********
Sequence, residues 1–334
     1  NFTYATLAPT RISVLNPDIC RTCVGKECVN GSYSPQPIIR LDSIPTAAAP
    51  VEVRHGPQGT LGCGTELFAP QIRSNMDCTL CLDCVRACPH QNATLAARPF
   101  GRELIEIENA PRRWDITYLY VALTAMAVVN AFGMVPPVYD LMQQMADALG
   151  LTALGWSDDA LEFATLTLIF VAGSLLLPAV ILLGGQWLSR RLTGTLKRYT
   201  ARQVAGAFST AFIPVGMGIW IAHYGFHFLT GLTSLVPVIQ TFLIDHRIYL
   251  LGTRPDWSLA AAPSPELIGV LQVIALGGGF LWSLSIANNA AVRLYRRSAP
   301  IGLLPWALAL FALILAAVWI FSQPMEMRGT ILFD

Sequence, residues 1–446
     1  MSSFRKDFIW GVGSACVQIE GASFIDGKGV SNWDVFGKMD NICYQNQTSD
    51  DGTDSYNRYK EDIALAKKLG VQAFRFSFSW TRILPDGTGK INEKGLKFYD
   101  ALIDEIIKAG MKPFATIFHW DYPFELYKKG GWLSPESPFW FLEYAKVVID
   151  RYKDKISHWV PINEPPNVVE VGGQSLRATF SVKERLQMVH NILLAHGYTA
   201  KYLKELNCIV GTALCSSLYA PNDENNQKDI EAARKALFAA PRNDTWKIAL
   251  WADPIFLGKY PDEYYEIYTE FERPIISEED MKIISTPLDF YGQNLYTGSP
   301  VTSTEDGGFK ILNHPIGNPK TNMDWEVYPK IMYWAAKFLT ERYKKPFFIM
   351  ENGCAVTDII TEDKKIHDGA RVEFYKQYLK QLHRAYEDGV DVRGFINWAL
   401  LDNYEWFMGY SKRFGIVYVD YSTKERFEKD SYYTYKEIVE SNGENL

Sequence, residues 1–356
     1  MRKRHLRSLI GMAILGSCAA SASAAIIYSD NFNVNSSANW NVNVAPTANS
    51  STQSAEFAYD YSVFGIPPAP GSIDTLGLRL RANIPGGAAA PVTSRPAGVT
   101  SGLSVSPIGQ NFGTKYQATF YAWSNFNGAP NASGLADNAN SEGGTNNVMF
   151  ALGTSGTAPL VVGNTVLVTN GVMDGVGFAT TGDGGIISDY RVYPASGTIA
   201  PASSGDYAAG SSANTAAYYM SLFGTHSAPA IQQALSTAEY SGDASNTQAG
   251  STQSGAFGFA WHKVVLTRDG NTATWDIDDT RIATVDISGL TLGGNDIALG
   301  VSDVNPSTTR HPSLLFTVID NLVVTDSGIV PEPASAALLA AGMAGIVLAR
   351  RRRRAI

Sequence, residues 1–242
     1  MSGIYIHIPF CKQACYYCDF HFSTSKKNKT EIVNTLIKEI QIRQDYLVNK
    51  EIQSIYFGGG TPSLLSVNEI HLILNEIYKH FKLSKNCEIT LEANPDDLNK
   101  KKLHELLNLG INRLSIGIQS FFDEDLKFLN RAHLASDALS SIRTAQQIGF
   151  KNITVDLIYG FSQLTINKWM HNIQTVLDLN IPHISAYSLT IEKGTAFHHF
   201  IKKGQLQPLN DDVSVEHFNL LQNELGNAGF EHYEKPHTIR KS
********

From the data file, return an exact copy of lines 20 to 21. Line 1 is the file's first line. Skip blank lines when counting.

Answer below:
     1  MRKRHLRSLI GMAILGSCAA SASAAIIYSD NFNVNSSANW NVNVAPTANS
    51  STQSAEFAYD YSVFGIPPAP GSIDTLGLRL RANIPGGAAA PVTSRPAGVT